Freetown, 11 May 2021 – Ebola vaccination kicked off today in Sierra Leone as the country takes proactive public health measures to protect people at high risk of infection in case of any potential cross-border transmission of the disease from the ongoing outbreak in neighbouring Guinea.
The vaccination was launched in Kambia District, a primary international point of entry by road crossing, and of significant economic and commercial importance for Guinea and Sierra Leone. This preventive Ebola vaccination will continue over the coming days in eight other districts sharing borders with Guinea.
No case of the Ebola virus disease has been confirmed in Sierra Leone since the end of the 2014-2016 outbreak. However, health authorities in the country are ensuring that frontline health workers in health facilities where people who may be infected with Ebola would first present themselves for care are protected against the disease. Traditional healers, widely believed by community members to be imbued with healing powers and commercial motor bike riders who normally provide transportation services along the border districts and regional hospitals will also be vaccinated against Ebola to ensure their protection.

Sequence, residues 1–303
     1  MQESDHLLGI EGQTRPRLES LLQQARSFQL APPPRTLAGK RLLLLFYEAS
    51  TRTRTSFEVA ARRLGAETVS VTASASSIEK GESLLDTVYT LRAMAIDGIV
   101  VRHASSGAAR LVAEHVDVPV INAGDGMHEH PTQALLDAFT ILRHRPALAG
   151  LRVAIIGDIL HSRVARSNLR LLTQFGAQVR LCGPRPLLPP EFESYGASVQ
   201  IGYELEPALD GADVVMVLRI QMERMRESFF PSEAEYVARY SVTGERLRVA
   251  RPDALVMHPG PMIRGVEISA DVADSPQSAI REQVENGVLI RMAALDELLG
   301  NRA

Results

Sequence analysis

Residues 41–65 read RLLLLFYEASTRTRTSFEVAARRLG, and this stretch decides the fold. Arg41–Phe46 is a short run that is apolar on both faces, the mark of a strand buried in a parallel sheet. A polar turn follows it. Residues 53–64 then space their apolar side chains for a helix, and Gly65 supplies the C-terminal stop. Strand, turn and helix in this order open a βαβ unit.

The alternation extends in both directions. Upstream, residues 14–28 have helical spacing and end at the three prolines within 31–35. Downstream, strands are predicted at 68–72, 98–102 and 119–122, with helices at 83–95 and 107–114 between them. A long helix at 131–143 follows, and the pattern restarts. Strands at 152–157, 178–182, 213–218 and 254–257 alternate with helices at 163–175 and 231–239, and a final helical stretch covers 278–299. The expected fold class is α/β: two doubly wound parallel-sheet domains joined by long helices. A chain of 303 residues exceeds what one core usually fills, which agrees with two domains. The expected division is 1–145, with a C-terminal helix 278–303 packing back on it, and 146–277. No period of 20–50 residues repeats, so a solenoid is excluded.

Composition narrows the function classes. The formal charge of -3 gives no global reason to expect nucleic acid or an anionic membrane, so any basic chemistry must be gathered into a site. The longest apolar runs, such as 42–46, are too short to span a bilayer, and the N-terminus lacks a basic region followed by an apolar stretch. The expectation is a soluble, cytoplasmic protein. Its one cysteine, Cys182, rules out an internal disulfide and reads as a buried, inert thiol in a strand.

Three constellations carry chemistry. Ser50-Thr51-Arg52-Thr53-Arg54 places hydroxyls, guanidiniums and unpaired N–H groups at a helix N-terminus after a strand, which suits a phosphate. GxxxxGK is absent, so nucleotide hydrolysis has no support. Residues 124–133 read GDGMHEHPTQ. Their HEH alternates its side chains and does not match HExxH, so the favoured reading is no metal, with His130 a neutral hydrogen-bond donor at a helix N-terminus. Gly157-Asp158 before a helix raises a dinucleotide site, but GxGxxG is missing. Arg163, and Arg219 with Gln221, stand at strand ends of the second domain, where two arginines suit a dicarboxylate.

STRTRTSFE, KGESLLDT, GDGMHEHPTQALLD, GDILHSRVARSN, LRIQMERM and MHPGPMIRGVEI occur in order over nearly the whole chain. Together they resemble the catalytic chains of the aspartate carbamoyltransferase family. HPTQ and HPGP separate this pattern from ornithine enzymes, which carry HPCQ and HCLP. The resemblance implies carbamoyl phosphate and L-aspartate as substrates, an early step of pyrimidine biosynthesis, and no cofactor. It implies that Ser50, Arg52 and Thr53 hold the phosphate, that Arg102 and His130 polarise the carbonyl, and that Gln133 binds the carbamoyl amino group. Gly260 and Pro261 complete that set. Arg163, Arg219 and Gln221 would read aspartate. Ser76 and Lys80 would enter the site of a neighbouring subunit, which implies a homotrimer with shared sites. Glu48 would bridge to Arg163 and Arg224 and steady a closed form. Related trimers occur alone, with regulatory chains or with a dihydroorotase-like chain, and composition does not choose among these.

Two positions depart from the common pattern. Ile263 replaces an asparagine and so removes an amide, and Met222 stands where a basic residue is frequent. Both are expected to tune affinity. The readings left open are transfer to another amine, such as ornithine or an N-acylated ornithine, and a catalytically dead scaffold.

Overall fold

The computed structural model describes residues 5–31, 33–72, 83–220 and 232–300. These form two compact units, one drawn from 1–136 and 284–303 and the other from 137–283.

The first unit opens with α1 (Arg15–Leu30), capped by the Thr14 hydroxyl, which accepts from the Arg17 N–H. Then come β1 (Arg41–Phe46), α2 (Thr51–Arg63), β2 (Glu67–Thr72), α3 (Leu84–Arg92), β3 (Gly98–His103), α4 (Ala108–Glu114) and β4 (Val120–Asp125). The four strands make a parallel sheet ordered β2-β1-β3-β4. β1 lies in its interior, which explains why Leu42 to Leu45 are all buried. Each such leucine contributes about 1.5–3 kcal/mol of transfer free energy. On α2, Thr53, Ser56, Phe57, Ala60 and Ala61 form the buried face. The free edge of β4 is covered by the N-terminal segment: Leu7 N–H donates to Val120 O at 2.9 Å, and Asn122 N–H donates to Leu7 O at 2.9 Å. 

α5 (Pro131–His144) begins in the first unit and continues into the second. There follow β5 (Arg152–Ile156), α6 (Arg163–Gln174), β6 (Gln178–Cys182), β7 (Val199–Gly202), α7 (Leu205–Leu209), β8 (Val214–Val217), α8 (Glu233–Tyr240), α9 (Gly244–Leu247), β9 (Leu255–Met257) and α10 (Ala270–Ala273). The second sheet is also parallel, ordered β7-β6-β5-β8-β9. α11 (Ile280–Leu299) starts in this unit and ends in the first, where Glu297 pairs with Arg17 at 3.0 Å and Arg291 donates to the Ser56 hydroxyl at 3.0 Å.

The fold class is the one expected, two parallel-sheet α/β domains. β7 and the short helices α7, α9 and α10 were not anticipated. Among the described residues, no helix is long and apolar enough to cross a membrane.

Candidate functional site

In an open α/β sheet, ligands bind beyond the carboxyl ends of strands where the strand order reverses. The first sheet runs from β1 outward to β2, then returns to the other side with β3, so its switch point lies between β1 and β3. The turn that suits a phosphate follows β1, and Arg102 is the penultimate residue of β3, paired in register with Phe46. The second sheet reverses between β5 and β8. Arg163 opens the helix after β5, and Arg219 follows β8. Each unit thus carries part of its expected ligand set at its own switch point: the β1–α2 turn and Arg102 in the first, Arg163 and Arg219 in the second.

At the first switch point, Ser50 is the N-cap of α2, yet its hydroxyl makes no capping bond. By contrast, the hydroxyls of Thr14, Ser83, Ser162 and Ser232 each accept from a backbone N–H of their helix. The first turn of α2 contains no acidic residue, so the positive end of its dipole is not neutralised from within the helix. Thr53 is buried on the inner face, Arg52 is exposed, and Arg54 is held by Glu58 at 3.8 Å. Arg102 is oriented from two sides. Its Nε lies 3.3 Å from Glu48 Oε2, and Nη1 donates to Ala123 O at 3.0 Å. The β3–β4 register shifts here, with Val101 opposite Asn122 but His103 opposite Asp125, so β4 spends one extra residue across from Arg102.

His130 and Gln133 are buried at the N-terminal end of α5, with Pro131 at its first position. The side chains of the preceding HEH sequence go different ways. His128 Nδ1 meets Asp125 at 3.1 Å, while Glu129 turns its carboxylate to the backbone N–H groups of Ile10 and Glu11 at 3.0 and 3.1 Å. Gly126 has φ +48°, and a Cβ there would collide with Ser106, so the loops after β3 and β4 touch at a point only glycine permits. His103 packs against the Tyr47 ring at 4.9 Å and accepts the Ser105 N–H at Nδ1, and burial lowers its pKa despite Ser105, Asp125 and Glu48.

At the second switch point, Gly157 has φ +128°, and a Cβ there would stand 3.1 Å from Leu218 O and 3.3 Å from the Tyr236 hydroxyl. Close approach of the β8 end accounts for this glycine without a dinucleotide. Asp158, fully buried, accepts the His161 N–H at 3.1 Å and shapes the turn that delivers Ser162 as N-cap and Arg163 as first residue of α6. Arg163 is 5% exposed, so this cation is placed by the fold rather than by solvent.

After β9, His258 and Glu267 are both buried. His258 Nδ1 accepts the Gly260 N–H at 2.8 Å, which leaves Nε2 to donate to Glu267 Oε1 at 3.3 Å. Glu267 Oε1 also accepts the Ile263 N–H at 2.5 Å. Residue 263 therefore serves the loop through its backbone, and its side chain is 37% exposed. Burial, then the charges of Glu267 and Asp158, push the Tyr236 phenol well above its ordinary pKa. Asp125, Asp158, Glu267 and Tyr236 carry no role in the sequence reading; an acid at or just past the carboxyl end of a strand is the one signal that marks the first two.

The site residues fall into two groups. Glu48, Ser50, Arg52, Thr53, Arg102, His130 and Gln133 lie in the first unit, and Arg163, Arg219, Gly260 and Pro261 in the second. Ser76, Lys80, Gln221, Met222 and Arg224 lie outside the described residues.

The Ministry of Health and Sanitation is leading the exercise to administer the Johnson & Johnson vaccines with technical, logistical and operational support from the World Health Organization (WHO) and the U.S Centers for Disease Control and Prevention (CDC) on compassionate grounds. The vaccines were donated to Sierra Leone in April 2021 through the partnership between the World Health Organization and the vaccine manufacturer Johnson & Johnson.
“This strong partnership, led by the Ministry of Health and Sanitation is a strategic step towards protecting the health of the population in Sierra Leone and a clear demonstration of the concern and care for the frontline workers who may be at risk.” said Dr Steven Velabo Shongwe, WHO Representative in Sierra Leone.
About 16 000 people have been targeted for vaccination in the selected border districts, and individuals will receive two doses of the vaccine given approximately eight weeks apart.
In 2016, Ebola vaccination was piloted in Sierra Leone for the first time during the country’s devastating outbreak that resulted in nearly 11,000 cases with some 4,000 deaths including among health workers.
On 7 April this year, the Ministry of Health and Sanitation launched a comprehensive six months Ebola Outbreak Preparedness and Contingency Plan to guide the country’s heightened preparedness and readiness activities. Preventive vaccination of a selected target groups is one of the strategic priority interventions highlighted in the Plan.
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